Wednesday, December 16, 2009

Dos Tiburones y Dos Angelitas

Saturday I went with my class to fish with the new program, Pescando Vivencial. The morning started off great, us 8 students were pumped to catch a big one. A local restaurant named Deep Blue (owned by one of my many host uncles on the island) was going to cook it for our dinner that evening. Our first bite bent the line and Carolyn jumped up and strapped on a belt with a holder for the pole, that way she could hold the line and reel in as fast as she could. Try as she did, she wasn't fast enough, because a lobo came up and munched our catch, lure and all. This was a disappointment, as the sea lions just swim with the boat and are obviously waiting for us to catch anything. What lazy little stinkers they can be! We fished many different areas, but didn't have anymore nibbles. Finally, much later in the morning, we had two bites at once! Both of the fishermen turned tour guides grabbed the poles and tried to reel them in quickly. To all of our dismay, two black-tipped sharks snagged these fish, but also bit down on the giant hooks. For the next twenty minutes or so, the professional fishermen struggled and fought with these sharks, about five and a half feet long, splashing and squirming on the end of the line which can hold up to 350 lbs. Finally, one fisherman was able to cut the line, freeing the shark. The second one was hooked and the lure pried from it's giant mouth. I saw it's eye, a white-ish grey orb that seemed to gaze at nothing. The shark was freed and released and the fisherman cheered and wiped the sweat from his forehead: he had saved his lure, with only gills left. We had no more bites that day, but luckily for us, the other boat with students had caught a wahoo and a tuna, so we would have something to eat with our rice that night for dinner. It wasn't until then that I heard a superstition about having bananas on boats. Apparently this is terrible luck, not just for fishing, but for anything to go wrong. "Well, that explains alot," I commented, as I recollected all of us happily chewing on the bananas earlier that morning, wondering why there were not more bites on our lines. It was an amazing experience, and so scary to see the sharks that close. Now I understand why the fishermen have resorted to long-line fishing and other newer techniques, in order to catch anything and not be robbed by sea lions and sharks.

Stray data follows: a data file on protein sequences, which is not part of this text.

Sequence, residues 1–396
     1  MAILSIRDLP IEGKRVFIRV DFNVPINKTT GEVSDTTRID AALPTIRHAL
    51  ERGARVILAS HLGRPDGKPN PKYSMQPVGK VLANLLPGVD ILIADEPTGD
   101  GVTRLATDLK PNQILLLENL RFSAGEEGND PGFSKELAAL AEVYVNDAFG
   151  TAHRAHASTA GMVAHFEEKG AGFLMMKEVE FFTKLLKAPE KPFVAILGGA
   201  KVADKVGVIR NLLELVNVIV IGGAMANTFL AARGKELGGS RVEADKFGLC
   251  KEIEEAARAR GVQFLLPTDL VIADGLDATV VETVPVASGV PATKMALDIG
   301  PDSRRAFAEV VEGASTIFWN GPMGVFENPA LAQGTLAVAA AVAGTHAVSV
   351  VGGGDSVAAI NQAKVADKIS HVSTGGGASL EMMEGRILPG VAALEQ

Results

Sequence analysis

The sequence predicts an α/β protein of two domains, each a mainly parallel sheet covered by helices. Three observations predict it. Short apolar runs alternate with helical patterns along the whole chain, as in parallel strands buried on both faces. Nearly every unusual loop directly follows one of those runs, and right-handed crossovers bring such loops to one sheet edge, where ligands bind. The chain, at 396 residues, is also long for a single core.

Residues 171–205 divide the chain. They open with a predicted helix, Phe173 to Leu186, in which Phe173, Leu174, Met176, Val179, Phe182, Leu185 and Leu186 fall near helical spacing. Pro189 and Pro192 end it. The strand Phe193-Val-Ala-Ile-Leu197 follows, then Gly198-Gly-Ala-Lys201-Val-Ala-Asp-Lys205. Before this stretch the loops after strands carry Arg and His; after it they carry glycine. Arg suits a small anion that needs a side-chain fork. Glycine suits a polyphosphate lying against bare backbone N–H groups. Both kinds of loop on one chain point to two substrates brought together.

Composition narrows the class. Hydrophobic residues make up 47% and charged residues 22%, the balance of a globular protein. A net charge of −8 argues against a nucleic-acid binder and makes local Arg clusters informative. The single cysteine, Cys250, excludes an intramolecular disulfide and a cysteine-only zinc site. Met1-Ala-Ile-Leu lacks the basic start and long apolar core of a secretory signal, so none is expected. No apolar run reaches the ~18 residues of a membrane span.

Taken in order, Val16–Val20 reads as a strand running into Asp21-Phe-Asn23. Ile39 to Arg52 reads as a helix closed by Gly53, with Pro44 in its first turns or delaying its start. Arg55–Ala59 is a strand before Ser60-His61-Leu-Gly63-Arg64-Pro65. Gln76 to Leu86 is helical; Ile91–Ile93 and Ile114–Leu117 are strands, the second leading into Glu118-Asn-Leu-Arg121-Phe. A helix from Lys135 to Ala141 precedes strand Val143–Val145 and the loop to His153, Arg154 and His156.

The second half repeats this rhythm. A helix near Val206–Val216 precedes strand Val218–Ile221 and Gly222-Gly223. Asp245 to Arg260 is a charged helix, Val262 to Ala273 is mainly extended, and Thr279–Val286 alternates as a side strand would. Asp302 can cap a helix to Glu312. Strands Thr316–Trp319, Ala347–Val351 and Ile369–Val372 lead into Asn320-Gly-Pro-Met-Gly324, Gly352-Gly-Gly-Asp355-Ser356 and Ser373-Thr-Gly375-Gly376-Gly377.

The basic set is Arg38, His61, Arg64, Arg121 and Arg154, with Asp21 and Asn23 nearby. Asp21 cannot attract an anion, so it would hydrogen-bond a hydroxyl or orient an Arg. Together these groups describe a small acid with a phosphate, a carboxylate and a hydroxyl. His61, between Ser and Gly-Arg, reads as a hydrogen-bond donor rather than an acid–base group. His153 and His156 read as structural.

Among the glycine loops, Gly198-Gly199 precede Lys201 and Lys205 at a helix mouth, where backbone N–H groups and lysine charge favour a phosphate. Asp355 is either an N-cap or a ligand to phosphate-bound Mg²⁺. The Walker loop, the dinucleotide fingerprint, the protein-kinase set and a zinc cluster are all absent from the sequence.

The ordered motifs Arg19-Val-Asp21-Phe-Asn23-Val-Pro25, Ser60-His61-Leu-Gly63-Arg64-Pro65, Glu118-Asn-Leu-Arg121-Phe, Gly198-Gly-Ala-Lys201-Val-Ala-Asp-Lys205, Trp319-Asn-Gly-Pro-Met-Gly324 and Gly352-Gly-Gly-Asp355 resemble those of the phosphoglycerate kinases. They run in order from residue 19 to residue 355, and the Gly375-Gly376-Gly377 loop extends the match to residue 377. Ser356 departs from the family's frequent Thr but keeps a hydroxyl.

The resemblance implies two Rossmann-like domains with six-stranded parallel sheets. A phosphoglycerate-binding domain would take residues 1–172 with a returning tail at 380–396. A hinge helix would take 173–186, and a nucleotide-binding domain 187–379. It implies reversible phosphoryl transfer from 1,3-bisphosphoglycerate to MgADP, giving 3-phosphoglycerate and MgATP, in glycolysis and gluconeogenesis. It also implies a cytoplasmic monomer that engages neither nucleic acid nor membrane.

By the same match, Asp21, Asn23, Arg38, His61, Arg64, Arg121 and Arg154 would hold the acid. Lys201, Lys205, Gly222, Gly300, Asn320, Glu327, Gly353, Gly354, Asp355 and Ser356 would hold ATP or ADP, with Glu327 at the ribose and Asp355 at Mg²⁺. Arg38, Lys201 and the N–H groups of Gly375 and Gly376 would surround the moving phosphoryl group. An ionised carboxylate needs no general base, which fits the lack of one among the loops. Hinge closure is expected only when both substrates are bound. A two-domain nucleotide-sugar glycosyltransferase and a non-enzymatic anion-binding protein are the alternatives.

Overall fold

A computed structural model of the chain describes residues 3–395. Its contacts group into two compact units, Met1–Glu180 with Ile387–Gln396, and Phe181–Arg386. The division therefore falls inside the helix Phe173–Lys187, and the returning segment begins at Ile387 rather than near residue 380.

Monday night was the kickoff of this week's XMAS activities put on by the tourism chamber, who my father and sister are members of. I helped my sister for two days painting large cardboard candy canes and mistletoe cutouts, stuffed about 500 small grab bags of candy for the kiddos, and made little votive candles with plastic soda bottles. That night me and my friend Jazmine dressed as angelitas with white dresses, paper wings and garland halos and held votive candles and walked in the parade, behind a very unhappy white horse pulling a carriage with about twenty kids piled on. Afterwards we went to a cafe and sat at the bar to have a beer. Even more pictures, as everyone wants to take a picture with an angelita and her beer mug. 
After the parade there was a holiday cartoon shown in the square and my family dished up hot chocolate and bread for everyone who came. Last night all the different elementary schools presented their handmade ornaments for the city tree. Tonight I am face painting after class, I have been practicing my tree and star shapes, I hope I can get it right...